Why has September historically been such a weak month? Surely a statistic that shows September being down on average 1% since the 1890s is dispositive of the action, no?
Let's start by asking ourselves whether 1% is a big deal. The answer, of course, is no. The bigger issue is that there is propensity for the month to be negative.
I've got a couple of reasons. Admittedly they are subjective, but the down 1% number is subjective in its own way, meaning I just don't regard it as material enough to warrant the fear that it seems to generate. And let's never forget this is all part of what I call "day-book" story-telling, meaning that at the beginning of a month we tend to focus on these things because they pop up in almanacs and they are "something to say" because, unless it is a huge news day, we are always looking for something to say.
First answer: tech. Because of the way the calendar works, many employees in various countries do not put in the full amount of time in the months of July and August. This is called "seasonality" and it is almost always underestimated on Wall Street, particularly when it comes to technology. Put simply, there's not as much business being done. In September we find that out to be the case.
But there's two things in play here. First, the stocks tend not to reflect that. They reflect the absence of data points which, in a year like this one, presumes some sort of positive, not negative, bias. There is a belief in tech right now that a combination of the internet of things convergence with social, mobile, cloud and video that there is a huge amount of business going on. So the stocks run into the month, enjoying a summer rally.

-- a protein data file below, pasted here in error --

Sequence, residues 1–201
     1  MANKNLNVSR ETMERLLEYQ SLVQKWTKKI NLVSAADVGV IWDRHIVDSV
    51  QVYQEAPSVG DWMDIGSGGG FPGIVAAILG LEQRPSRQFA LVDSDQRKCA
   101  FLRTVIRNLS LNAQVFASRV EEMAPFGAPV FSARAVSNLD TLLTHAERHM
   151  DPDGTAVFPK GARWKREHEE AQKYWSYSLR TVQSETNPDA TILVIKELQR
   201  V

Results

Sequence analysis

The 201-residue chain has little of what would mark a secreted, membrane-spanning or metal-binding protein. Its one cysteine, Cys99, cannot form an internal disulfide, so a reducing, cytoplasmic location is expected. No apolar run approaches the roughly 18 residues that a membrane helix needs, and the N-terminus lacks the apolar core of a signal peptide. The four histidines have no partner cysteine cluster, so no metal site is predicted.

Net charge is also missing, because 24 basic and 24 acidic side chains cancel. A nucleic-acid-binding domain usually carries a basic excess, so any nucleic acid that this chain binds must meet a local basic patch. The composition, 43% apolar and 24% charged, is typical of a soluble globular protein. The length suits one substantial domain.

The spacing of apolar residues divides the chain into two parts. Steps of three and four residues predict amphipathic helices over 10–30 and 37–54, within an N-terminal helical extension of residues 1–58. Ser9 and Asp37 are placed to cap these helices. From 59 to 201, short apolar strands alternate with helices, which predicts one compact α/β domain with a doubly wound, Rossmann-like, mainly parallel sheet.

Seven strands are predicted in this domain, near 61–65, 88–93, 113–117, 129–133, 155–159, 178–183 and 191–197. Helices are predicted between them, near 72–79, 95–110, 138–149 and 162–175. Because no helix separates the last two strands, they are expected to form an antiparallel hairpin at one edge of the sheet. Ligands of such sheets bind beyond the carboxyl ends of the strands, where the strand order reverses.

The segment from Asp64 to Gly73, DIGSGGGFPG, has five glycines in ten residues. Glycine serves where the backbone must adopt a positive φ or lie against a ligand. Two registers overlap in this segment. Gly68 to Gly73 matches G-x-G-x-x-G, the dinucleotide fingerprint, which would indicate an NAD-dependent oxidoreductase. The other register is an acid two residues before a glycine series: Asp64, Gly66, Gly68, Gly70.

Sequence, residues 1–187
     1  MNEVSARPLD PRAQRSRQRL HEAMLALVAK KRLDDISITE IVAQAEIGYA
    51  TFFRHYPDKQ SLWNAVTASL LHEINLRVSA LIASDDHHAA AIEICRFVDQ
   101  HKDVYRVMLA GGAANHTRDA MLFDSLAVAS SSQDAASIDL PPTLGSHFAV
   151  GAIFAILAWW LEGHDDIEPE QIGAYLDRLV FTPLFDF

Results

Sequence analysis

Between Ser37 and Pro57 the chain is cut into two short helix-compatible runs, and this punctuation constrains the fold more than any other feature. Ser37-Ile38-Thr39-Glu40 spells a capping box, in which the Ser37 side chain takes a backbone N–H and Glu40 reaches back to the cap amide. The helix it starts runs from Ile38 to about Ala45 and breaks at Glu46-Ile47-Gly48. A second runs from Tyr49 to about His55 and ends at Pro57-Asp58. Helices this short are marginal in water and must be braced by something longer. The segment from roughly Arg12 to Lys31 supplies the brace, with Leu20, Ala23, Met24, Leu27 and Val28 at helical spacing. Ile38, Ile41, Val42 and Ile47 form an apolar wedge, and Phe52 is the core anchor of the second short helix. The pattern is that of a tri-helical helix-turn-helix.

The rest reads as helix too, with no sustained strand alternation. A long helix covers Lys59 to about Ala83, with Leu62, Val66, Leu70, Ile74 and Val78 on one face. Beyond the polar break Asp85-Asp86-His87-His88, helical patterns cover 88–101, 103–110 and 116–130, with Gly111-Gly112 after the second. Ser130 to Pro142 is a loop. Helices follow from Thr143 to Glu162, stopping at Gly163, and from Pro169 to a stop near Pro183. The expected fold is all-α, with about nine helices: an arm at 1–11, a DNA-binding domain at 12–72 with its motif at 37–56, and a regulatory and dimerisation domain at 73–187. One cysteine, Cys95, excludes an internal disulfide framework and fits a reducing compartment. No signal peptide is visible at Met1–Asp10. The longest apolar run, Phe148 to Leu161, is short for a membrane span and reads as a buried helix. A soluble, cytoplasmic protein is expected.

But because of that vacation factor, the actual facts on the ground do not support what the stock have done in the summer months. Or, to put it another way, we've gone up on a vacuum and we discover, typically through preannouncements that occur in the first week, that estimates are too high. I think the that talk about takeovers and the broader themes I just traced have created a false sense of across-the-board optimism that is not commensurate with reality.
So expect shortfalls, and shortfalls breed lower prices.
Second, there is a real, palpable fear of October that overtakes the last week of the trading in the month. That's because, on average, October's been a good month. But we have had some serious dislocations and crashes in October, a fact that really strikes fear into the heart of investors. So we have a disproportionate fear of a big bad event that may or may not be lurking that is worth selling ahead of, given that the wounds are far more stark than they are coming into September, which seems like it would be a benign month owing to a very light earnings calendar.
Finally, the A-team players come back at the big hedge and mutual funds after what can be a fruitful summer. You can look at your book, how you have done, where you are vs. the averages, and if you are up nicely, you want to lock it in. We used to call September "lock it in" month, because if we were this close and up nicely, no partner would ever second-guess us for raising cash. If we were up nicely, we sold winner. This is a pattern that is ingrained in many. So you have winning funds selling winners, which then produces the downward bias the aggregate numbers show.
So, tech shortfalls and preannouncements, actual fears of October and the lock-in factor are deeply ingrained. These are, to me, what explains historic weakness. Keep them in mind when we turn the calendar page. They won't be mentioned with the stats. They should be.